51. Richardson DM, Pyšek P (2012) Naturalization of introduced plants: ecological drivers of biogeographical patterns. New Phytol 196:383–396CrossRefGoogle Scholar
  52. Rondanini DP, del Pilar Vilariño M, Roberts ME, Polosa MA, Botto JF (2014) Physiological responses of spring rapeseed (Brassica napus) to red/far-red ratios and irradiance during pre-and post-flowering stages. Physiol Plant 152:784–794CrossRefGoogle Scholar
  53. Sakai AK, Allendorf FW, Holt JS, Lodge DM, Molofsky J, With KA, Baughman S, Cabin RJ, Cohen JE, Ellstrand NC, McCauley DE, O’Neil P, Parker IM, Thompson JN, Weller SG (2001) The population biology of invasive species. Annu Rev Ecol Evol S 32:305–332CrossRefGoogle Scholar
  54. Schemske DW, Mittelbach GG, Cornell HV, Sobel JM, Roy K (2009) Is there a latitudinal gradient in the importance of biotic interactions? Annu Rev Ecol Evol S 40:245–269CrossRefGoogle Scholar
  55. Stephenson RA, Gallagher EC (1986) Effects of night temperature on floral initiation and raceme development in macadamia. Sci Hortic Amst 30:213–218CrossRefGoogle Scholar
  56. Stützel H, Kahlen K (2016) Virtual plants: modeling plant architecture in changing environments. Front Plant Sci 7:1734CrossRefGoogle Scholar
  57. Szakiel A, Pączkowski C, Henry M (2011) Influence of environmental abiotic factors on the content of saponins in plants. Phytochem Rev 10:471–491CrossRefGoogle Scholar
  58. Theoharides KA, Dukes JS (2007) Plant invasion across space and time: factors affecting nonindigenous species success during four stages of invasion. New Phytol 176:256–273CrossRefGoogle Scholar
  59. Van Pelt R (2008) Identifying old trees and forests in eastern Washington. Washington State Department of Natural Resources, OlympiaGoogle Scholar
  60. Weber E, Schmid B (1998) Latitudinal population differentiation in two species of Solidago (Asteraceae) introduced into Europe. Am J Bot 85:1110–1121CrossRefGoogle Scholar
  61. Xu H, Qiang S, Han Z, Guo J, Huang Z, Sun H, He S, Ding H, Wu H, Wan F (2006) The status and causes of alien species invasion in China. Biodivers Conserv 15:2893–2904CrossRefGoogle Scholar
  62. Xu H, Qiang S, Genovesi P, Ding H, Wu J, Meng L, Han Z, Miao J, Hu B, Guo J, Sun H, Huang C, Lei J, Le Z, Zhang X, He S, Wu Y, Zheng Z, Chen L, Jarošik V, Pyšek P (2012) An inventory of invasive alien species in China. NeoBiota 15:1–26CrossRefGoogle Scholar
  63. Yang X, Huang W, Tian B, Ding J (2014) Differences in growth and herbivory damage of native and invasive kudzu (Peuraria montana var. lobata) populations grown in the native range. Plant Ecol 215:339–346CrossRefGoogle Scholar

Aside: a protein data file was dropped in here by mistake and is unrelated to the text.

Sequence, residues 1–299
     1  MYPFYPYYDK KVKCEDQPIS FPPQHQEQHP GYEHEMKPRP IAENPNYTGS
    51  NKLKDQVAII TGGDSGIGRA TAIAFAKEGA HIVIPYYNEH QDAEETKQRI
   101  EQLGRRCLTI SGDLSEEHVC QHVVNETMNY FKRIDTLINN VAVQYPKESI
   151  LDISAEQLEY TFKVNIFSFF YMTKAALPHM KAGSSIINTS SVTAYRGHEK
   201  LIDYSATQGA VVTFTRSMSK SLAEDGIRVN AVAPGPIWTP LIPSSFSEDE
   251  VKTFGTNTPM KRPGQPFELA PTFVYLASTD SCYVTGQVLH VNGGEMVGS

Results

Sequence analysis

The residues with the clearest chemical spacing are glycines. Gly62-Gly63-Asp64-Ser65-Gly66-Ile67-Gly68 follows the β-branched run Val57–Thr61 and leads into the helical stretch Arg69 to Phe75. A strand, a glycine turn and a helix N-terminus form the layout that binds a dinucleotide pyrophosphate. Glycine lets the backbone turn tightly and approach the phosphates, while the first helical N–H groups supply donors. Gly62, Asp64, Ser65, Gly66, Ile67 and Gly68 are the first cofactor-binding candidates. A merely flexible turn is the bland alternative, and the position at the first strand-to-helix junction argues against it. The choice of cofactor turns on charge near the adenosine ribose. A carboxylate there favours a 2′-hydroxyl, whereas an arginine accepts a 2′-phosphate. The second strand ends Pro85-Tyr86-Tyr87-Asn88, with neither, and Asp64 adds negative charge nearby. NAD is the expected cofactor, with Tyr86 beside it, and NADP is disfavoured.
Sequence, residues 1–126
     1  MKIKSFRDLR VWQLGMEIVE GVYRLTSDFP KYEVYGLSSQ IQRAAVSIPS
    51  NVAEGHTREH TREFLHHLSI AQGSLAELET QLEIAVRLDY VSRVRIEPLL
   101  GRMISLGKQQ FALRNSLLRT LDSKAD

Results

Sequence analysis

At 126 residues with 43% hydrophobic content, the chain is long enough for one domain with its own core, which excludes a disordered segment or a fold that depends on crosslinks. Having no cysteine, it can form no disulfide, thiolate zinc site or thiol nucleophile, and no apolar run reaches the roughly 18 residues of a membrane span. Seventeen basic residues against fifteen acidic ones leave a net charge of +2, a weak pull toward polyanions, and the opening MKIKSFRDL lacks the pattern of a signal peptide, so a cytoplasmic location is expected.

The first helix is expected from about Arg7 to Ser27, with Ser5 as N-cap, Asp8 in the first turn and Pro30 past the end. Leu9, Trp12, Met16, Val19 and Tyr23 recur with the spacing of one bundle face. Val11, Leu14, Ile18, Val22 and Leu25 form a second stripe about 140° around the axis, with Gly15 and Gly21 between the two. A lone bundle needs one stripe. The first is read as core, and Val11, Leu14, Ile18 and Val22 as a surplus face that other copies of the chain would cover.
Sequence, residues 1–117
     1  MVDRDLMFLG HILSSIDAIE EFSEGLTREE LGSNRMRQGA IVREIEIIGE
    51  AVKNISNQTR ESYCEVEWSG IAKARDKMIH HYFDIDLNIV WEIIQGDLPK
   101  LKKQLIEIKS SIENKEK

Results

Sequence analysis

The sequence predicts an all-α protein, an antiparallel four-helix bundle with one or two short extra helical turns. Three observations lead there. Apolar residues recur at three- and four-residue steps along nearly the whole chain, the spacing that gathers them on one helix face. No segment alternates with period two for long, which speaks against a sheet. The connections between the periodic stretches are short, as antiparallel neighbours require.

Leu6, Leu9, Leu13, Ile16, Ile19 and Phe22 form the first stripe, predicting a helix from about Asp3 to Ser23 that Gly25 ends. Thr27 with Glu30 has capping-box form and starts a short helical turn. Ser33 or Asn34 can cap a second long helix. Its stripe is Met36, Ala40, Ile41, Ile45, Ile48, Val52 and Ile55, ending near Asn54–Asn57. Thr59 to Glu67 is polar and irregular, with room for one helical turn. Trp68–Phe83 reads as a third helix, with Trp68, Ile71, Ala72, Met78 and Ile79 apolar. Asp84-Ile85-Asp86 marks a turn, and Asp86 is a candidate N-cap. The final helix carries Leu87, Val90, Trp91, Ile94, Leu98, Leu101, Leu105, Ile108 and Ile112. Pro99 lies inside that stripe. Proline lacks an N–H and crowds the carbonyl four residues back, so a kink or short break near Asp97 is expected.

64. Zhai S, Li C, Xu J, Liu L, Zhang D, Zhou Z (2010) Spatial and temporal dynamics of Phytolacca americana seed rain under Robinia pseudoacacia forest in Lingshan Bay National Forest Park, Shandong, China. Chin J Plant Ecol 34:1236–1242Google Scholar
  65. Zhang B, Chen H, Hou X, Fang Q, Jiang J, Pei C, Xu D, Ji L, Yun X, Han W (2015) Ecological response of reproductive performance of Stipa baicalensis in Xilingol steppe of Inner Mongolia. J Gansu Agric Univ 50:103–108Google Scholar
  66. Zhao C, Sun Y, Chen Z, Wei F, Wen G, Tang X, Xiao X, Li S (2016) Responses of the anthocyanin and saponin contents of the vegetative organs of one-year—old purple and green aerial stemmed Panax notoginseng plants to the low temperature stress simulated by icy water. Lishizhen Med Mater Medica Res 27:2492–2496Google Scholar
  67. Zheng Y, Feng Y, Zhang L, Callaway RM, Valiente-Banuet A, Luo D, Liao Z, Lei Y, Barclay GF, Silva-Pereyra C (2015) Integrating novel chemical weapons and evolutionarily increased competitive ability in success of a tropical invader. New Phytol 205:1350–1359CrossRefGoogle Scholar

Copyright information

© Springer Nature Switzerland AG 2018

Authors and Affiliations

  1. 1.Key Laboratory of Aquatic Botany and Watershed Ecology, Wuhan Botanical GardenChinese Academy of SciencesWuhanChina
  2. 2.University of Chinese Academy of SciencesBeijingChina
  3. 3.INRA, UMR1349 IGEPPLe RheuFrance
  4. 4.Faculty of Land and Food Systems, Biodiversity Research CentreThe University of British ColumbiaVancouverCanada
  5. 5.College of Life SciencesHenan UniversityKaifengChina
  6. 6.Institute of Plant SciencesUniversity of BernBernSwitzerland

Personalised recommendations